State’s in­ter­net sales tax means coun­ties reap more ben­e­fits when shop­pers buy lo­cal

The Buffalo News - - CONTINUED FROM THE COVER - By Thomas J. Pro­haska

No one knows for sure how much county gov­ern­ments will re­ceive from New York State’s new sales tax on in­ter­net pur­chases, but one thing is clear: Coun­ties won’t re­ceive as much as they do when con­sumers buy at a brick-and-mor­tar store.

That’s be­cause Al­bany will keep $60 mil­lion of the pro­jected in­ter­net tax rev­enue to pay some of its di­rect aid to towns and vil­lages.

So shop­ping lo­cally now makes a dif­fer­ence for county gov­ern­ment as well as for mer­chants, be­cause coun­ties re­ceive their full share of sales tax only on lo­cal pur­chases.

“We’d much rather peo­ple buy from a lo­cal en­tity than on­line,” Erie County Ex­ec­u­tive Mark C. Polon­carz said Mon­day. “Now, they’re go­ing to have to pay the same sales tax any­way, but you’re much bet­ter off sup­port­ing a lo­cal busi­ness.”

The new state bud­get as­sumes that coun­ties out­side New York City will col­lec­tively net $160 mil­lion from the new in­ter­net tax.

The pro­jec­tion would be $220 mil­lion if not for the lo­cal aid re­place­ment pro­vi­sion, said Mark LaVigne, a spokesman for the New York State As­so­ci­a­tion of Coun­ties.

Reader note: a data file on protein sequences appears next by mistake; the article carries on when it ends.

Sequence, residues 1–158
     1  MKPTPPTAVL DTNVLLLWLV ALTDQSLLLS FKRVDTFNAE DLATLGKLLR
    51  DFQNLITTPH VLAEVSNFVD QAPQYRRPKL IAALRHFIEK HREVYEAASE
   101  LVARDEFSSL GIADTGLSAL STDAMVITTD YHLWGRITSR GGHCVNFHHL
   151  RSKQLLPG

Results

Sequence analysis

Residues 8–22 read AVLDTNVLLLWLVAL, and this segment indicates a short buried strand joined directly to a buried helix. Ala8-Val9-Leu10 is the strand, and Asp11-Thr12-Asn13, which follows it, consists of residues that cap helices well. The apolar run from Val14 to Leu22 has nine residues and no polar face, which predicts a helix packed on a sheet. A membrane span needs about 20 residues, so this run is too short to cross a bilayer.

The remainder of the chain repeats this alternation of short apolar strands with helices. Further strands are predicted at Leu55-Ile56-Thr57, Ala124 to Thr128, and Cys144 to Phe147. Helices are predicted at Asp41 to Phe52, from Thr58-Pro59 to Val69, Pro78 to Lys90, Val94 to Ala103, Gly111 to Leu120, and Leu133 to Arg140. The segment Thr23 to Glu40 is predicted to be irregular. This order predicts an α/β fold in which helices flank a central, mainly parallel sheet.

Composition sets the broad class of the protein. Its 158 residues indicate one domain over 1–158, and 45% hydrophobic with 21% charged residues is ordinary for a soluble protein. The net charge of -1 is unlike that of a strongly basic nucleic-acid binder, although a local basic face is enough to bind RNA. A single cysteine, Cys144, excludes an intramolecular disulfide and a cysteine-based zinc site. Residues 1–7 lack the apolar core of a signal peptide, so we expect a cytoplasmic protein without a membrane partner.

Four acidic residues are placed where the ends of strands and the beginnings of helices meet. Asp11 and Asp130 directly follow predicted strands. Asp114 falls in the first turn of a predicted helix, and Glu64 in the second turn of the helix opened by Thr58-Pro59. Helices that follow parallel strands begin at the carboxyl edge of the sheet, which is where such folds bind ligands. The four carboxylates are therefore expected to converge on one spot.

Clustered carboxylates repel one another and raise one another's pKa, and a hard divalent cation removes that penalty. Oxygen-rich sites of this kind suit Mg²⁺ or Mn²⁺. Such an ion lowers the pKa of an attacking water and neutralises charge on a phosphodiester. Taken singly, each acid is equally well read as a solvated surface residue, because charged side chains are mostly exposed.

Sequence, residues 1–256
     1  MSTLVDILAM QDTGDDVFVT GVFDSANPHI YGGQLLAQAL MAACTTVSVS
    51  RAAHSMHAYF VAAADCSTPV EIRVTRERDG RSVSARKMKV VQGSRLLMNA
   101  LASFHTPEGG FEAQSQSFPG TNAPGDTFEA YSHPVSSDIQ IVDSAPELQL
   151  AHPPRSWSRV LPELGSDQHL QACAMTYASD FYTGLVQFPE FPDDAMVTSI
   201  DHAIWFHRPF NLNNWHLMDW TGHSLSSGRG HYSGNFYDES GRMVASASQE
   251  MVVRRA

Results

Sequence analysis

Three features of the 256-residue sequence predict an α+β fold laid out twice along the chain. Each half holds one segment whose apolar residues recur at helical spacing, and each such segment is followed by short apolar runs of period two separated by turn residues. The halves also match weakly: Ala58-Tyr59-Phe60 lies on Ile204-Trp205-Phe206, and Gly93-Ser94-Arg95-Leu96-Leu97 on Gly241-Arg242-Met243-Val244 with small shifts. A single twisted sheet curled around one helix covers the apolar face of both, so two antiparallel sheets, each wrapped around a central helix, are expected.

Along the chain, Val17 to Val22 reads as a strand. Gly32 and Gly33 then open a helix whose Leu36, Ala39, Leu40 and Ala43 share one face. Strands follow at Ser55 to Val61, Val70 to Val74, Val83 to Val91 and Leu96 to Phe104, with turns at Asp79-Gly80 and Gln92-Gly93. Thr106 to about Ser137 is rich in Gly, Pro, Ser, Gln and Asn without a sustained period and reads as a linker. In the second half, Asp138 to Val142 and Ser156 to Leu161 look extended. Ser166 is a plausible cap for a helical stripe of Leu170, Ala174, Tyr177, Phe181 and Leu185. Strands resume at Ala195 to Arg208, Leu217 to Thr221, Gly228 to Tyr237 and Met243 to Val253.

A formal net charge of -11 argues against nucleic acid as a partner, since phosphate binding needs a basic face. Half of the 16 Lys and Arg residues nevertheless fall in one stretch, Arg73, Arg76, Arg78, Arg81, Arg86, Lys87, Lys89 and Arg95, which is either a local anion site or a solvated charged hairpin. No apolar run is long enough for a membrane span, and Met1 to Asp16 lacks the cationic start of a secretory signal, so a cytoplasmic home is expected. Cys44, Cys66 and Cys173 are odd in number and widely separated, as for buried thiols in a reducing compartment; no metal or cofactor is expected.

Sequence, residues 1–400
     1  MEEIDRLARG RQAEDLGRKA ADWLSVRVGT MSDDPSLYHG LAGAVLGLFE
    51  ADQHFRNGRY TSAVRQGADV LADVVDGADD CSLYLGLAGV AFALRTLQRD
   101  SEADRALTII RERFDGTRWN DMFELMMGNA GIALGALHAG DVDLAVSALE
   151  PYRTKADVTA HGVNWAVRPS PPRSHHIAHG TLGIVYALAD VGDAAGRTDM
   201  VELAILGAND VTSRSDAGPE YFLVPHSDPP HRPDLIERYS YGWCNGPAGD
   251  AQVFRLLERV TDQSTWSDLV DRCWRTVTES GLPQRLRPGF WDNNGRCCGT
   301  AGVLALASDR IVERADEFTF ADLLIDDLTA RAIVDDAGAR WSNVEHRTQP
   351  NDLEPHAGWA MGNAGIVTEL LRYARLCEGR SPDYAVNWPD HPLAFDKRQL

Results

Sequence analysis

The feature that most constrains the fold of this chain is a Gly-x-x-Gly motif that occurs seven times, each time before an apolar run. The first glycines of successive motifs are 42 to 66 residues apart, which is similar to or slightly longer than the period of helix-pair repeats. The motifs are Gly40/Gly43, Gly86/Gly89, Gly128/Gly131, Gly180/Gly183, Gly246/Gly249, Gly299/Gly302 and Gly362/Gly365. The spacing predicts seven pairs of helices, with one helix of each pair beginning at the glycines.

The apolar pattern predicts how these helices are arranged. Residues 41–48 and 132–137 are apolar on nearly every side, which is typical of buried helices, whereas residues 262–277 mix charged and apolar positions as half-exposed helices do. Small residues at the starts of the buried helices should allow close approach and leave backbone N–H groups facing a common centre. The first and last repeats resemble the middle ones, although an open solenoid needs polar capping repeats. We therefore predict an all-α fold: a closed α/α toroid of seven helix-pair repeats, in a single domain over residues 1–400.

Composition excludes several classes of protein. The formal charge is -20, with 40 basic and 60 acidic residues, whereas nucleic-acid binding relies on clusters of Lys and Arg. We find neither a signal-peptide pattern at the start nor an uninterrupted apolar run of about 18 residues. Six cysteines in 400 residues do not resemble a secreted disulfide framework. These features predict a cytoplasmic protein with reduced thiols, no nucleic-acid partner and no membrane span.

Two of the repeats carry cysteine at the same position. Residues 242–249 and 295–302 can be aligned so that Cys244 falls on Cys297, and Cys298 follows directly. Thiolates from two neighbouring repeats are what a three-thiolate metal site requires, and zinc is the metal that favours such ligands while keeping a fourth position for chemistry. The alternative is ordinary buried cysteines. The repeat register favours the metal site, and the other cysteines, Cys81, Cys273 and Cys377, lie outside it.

At first, Gov. An­drew M. Cuomo pro­posed that coun­ties should make up the $60 mil­lion cut in state aid to lo­cal­i­ties with di­rect pay­ments of county money to their towns and vil­lages, but county ex­ec­u­tives around the state protested.

Coun­ties al­ready share their sales tax rev­enue with cities, towns, vil­lages and school dis­tricts. For ex­am­ple, Erie County gives 46 per­cent of its sales tax re­ceipts to lo­cal­i­ties and schools.

“The irony is, towns are fund­ing their state aid with their own sales tax rev­enue,” Ni­a­gara County Man­ager Richard E. Upde­grove said.

“We re­ally don’t know how much we’re go­ing to gen­er­ate in new tax be­cause it’s from en­ti­ties we’ve never re­ceived tax from be­fore,” Polon­carz said.

If the rev­enue turns out to be less than the state aid owed to lo­cal­i­ties, coun­ties would have to make up the dif­fer­ence, Polon­carz said.

“Are we happy with the fi­nal re­sults? It’s not ideal. It’s cer­tainly not what we ad­vo­cated for,” said Charles H. Nes­bitt Jr., Or­leans County chief ad­min­is­tra­tive of­fi­cer and pres­i­dent of the As­so­ci­a­tion of Coun­ties.

“Since our en­tire county prop­erty tax levy is used to pay for state pro­grams, there is a reliance on sales tax rev­enues to fund county op­er­a­tions, such as po­lice pro­tec­tion and road con­struc­tion and main­te­nance,” Upde­grove said. “The state use of lo­cal sales tax rev­enue to di­rectly fund state obli­ga­tions is un­prece­dented.”

“That’s not a great prece­dent ... ob­vi­ously, it’s a slip­pery slope,” Nes­bitt said.

“Whether it’s fair or not, it’s un­for­tu­nately what we have to deal with,” Polon­carz said. “I’ve ad­vo­cated against it. I’ve talked to the gov­er­nor’s staff and oth­ers. It’s done. I can’t fix it.”

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